Dear God, I was reading a friend’s blog this morning–it’s a weekly that I never miss. He talked about finding work that is within your gifting and how there is really nothing quite like it. I resonated with it. I’m in a job right now that I really do love, and my skillset seems to fit what’s required of me to be effective. It stretches me. It stretches my faith. I’m still wholly dependent upon you for the success of the organization, and I still do my best to give you the glory for the good that we do. But I feel really good about my career and am not seeking anything else.

As Fred’s blog progressed, however, he talked about Peter and how Jesus called him out of his natural proclivity for fishing and made him a “shepherd” instead. This wasn’t necessarily in Peter’s gifting, but he certainly had specific gifts of personality and ability that he brought to the job. One gift was his boldness. The church needed Peter in a way that it didn’t need John. For example, in Acts 3:1-10 Peter and John are walking to the Temple when a man “crippled from birth” calls to them for money. “Peter looked at him, as did John.” (verse 4) But it was Peter who spoke. It was Peter who called on Jesus’ power to heal the man. John was great, but he was often just a witness. The church wouldn’t have grown nearly as much if John had been the rock on which Jesus built his church. Being a “shepherd” might not have been in Peter’s wheelhouse, but it wasn’t “Peter’s Utmost for Peter’s Happiest.” It’s “Peter’s Utmost for Your Highest.” (For anyone reading this, this title and these quoted phrases are a reference to a daily devotion by Oswald Chambers called “My Utmost for His Highest.”)

This part of Fred’s blog got me to thinking about the things I’ve been called to do at which I didn’t turn out to be very good. One was parenting a teenager. Maybe there are a lot of people who would say that no one is good at parenting a teenager–and there might be some truth to that. For me, however, this is an area at which I feel like a complete failure. My children are older now and out of the house, but I still feel like I am an inadequate father for them. My prayer is that you are giving something that they specifically need through me of which I’m not aware. You made me their parent for a reason. I know I’ve prayed for them every day. I have faith that you have your hand directing their lives in ways that I cannot see. Part of that faith is believing that there is something I’m giving them as a father that I can’t see either.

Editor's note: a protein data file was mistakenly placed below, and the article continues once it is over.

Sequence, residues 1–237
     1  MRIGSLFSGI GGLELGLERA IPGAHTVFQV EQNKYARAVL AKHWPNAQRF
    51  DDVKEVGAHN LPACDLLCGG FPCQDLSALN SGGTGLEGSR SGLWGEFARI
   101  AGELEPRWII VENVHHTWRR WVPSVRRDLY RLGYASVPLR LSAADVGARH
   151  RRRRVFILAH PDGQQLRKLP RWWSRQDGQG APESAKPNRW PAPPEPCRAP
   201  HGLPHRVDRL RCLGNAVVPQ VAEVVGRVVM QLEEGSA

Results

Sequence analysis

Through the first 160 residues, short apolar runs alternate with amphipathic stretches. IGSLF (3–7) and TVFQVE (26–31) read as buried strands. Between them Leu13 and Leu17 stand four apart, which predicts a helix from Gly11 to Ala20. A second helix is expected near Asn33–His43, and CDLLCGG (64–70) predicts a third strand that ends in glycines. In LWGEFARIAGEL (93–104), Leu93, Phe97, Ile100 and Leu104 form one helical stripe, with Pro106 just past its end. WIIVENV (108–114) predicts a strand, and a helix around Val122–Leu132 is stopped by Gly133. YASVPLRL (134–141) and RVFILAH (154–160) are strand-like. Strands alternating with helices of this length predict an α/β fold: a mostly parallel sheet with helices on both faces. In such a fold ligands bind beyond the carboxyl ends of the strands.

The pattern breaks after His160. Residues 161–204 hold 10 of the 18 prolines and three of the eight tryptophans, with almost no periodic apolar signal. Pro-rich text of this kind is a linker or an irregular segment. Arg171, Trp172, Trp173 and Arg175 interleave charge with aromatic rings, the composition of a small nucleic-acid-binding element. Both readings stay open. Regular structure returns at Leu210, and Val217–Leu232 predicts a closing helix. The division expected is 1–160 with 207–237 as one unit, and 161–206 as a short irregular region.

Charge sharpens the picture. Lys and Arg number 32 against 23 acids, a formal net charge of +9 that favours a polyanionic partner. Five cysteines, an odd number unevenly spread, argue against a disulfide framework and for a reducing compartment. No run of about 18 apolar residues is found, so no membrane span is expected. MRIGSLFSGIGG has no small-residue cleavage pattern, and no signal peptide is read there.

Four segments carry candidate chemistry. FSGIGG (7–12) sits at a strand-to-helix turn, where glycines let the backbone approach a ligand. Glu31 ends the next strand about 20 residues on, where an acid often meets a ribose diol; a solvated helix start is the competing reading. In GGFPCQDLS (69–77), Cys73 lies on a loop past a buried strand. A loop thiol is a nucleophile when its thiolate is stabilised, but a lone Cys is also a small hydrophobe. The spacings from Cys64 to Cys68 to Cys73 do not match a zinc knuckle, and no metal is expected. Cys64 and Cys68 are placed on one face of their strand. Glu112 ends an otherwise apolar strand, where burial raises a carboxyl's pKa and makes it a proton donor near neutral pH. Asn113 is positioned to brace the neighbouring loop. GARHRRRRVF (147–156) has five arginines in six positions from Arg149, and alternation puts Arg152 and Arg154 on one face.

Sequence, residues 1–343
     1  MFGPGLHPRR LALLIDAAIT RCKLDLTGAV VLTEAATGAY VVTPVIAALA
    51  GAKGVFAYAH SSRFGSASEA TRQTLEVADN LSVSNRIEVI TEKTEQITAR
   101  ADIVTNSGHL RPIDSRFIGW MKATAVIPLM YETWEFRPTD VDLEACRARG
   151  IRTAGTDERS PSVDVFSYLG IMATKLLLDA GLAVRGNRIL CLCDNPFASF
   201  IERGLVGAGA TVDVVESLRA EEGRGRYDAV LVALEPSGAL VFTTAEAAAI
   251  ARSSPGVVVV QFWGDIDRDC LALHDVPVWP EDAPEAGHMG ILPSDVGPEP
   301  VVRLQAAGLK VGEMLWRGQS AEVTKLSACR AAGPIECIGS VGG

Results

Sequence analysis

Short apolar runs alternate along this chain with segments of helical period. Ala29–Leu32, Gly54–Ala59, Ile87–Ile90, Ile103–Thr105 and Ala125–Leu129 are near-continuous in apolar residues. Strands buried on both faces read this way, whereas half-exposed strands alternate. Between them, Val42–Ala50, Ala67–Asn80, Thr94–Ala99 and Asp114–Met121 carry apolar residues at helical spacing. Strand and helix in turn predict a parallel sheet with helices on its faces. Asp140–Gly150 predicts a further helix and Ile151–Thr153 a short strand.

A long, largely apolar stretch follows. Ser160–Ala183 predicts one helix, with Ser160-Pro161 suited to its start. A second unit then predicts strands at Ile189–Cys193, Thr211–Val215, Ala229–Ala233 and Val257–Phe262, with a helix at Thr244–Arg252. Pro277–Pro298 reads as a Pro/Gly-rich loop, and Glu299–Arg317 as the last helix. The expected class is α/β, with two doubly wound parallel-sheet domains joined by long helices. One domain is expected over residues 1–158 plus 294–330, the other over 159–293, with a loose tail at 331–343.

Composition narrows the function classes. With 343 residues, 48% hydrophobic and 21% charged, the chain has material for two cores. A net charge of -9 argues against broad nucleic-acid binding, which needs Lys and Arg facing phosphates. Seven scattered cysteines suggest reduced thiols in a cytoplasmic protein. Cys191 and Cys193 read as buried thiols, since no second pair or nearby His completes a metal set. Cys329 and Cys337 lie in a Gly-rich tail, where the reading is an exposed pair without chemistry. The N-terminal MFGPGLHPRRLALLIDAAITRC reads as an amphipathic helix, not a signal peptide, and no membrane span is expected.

Father, I give you my utmost for your highest in every aspect of my life. Of course, I will fail at this pledge, but I promise I’m not intentionally holding anything back. At this point, while my happiness is not irrelevant, it is certainly secondary (or even tertiary) to your will, your plan, and my duty to love you with all of my strength and love my neighbor as myself. You might now have happiness for me down this path, but I am assured by your word that you have peace for me there.

In Jesus’ name I pray,

Amen

 

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Emails to God – “I Will Be Here” by Steven Curtis Chapman

Tomorrow morning if you wake up
and the sun does not appear
I will be here
If in the dark, we lose sight of love
Hold my hand, and have no fear
‘Cause I will be here

I will be here
When you feel like being quiet
When you need to speak your mind
I will listen
And I will be here
When the laughter turns to cryin’
Through the winning, losing and trying
We’ll be together
I will be here

Tomorrow morning, if you wake up
And the future is unclear
I will be here
Just as sure as seasons were made for change
Our lifetimes were made for these years
So I will be here

I will be here
And you can cry on my shoulder
When the mirror tells us we’re older
I will hold you
And I will be here
To watch you grow in beauty